Sermon for The Feast of the Baptism of our Lord - John 1:29-34
Baptism is this weird thing in the church. We often don’t know what to do with it apart from the ritual itself. It’s there. Our churches have the fonts in them, but there is this hovering confusion with it. Seeing it as a pledging to a fraternity. Do the deal and your in. Get the kid wet, things will be good. Then we tend to cast it aside for a while. We let it sit there. We maybe use the phrase “baptized child of God” every now and then. We go and witness to someone else’s baptism, but otherwise it becomes this past thing that it happened, that’s it. We’re good.
Sermon for the Festival of the Epiphany of our Lord - Matthew 2:1-12
Epiphany means the “ta-da” of God. A manifestation. An a-ha. A Here-I-am-for-you moment. All the spotlights, all the signs pointing to God with hopes that you will see and believe. This whole Matthew 2 story is one to draw us into the journey of faith. To give a voice to you, you gentiles. You people of the nations. You who should not be named let alone belong in the Kingdom of God. To give you a place. Notice the magi call him “The King of the Jews”, and yet these magi are not Jews. These are gentiles, and more so. Magi is the word used to name them. Literally – magicians. Sorcerers. Some say astrologers. They were the court advisors to the princes of Babylon. They could have been similar to the same folks whom the prophet Daniel was placed in charge over during the Babylonian exile 600 years before Christ. The ones the king sought for guidance on what has, is, or will happen. These magi possibly would have had a taste of this Jewish heritage, this Messiah talk, “King of the Jews”, through the overwhelming influence of Judaism on Babylon itself. From Babylon and Persia we get the Rabbinic tradition. We get the various Targums and manuscripts. Huge commentaries on the various texts of Jewish Scripture. Babylon, along with the vast empire of Persia, modern-day Iran, Syria, elsewhere, helped keep Judaism alive throughout the Middle East. Strange that we rely on those who conquered the Kingdom of Judah to keep the faith and traditions alive. Strange to think that those who would lead the downfall of the people of God, now 600 years later, seek the very King who is to provide salvation to all people.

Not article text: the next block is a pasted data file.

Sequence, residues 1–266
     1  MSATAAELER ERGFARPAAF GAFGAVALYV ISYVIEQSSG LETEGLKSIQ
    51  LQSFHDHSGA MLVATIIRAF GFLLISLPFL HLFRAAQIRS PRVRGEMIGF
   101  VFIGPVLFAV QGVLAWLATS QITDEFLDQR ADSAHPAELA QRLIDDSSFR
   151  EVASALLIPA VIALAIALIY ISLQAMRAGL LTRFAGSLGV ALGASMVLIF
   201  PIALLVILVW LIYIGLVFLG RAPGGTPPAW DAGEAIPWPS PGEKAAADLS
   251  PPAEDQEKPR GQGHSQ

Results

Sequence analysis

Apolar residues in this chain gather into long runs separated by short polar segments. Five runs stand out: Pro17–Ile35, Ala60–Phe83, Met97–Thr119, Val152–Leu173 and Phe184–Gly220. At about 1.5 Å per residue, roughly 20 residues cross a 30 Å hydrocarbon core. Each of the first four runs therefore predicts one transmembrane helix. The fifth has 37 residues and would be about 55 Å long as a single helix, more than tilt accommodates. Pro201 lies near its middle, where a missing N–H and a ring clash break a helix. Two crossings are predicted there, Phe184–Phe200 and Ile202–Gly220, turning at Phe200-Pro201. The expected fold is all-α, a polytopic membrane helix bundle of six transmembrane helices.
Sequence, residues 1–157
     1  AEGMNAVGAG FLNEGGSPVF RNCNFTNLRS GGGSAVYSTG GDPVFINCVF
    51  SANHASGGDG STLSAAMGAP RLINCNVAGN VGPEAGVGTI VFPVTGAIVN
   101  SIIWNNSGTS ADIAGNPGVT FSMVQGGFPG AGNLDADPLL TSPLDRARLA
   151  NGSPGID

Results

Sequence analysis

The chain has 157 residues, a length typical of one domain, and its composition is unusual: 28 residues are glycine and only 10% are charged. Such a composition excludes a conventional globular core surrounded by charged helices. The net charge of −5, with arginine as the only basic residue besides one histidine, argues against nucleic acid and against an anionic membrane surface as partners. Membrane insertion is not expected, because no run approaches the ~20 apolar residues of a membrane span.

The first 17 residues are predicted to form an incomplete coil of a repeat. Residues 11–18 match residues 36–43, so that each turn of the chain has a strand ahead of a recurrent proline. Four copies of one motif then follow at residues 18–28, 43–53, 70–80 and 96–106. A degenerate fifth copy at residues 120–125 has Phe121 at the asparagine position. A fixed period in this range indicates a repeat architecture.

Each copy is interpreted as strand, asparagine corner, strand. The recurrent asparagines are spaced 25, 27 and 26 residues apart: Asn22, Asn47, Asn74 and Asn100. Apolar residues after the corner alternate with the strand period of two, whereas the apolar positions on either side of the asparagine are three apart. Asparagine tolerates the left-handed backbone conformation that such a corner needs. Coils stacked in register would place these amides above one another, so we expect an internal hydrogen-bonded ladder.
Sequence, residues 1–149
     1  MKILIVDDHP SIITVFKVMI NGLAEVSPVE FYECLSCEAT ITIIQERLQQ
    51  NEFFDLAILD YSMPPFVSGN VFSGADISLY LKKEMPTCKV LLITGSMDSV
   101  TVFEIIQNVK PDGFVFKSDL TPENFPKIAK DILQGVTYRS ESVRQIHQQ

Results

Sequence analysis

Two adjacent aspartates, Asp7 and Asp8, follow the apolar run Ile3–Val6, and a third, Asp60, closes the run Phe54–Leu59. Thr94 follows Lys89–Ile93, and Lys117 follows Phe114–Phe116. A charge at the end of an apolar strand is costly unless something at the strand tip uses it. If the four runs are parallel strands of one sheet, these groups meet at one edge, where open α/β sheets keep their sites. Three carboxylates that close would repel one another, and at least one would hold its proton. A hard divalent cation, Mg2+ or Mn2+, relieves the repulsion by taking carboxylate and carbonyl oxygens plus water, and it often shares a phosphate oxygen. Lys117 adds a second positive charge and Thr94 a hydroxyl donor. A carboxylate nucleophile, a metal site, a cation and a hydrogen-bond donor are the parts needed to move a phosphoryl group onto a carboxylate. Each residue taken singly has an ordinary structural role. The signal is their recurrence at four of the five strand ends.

Sermon for the Frist Sunday after Christmas - Luke 2:22-40
Christmas is God’s “Hello” and “Goodbye” to his world all wrapped into one. He comes into this world as a major hello. Here I am. See me in the most vulnerable state you can. See me as a baby. As one who is expected to sit still, obey, and be quiet. But also one who is needy, who is often desired above all things, who is cradled and coddled and ogled over. An infant. A child. Don’t think I don’t notice you all eyeing little Henry and begging for the chance to hold him. Now think Jesus. God as a child. Suddenly this baby is here and the child is this “Hello” of God into the world.
Sermon for the Nativity - John 1:1-14
It is hard to try and preach on Christmas, because everyone knows the story. Everyone likes the Nativity scenes, and has either been part of the Luke 2 narrative in a Christmas program at church, or they read it as a family every year. Caesar, census, fields, shepherds, angels, Gloria, baby, manger, Mary, and Joseph.
At least with Christmas Day we get the rest of the story. We get John explaining to us the whole story in a theological way. In a way we might try and understand the idea of incarnation. God-con-carne. God, the creator of all things, putting on flesh. God who has no form necessarily, becoming a human being, taking on a form. Giving flesh and blood to his voice. Needing his voice, his sermon to become physically present among a people who would rather have him be silent.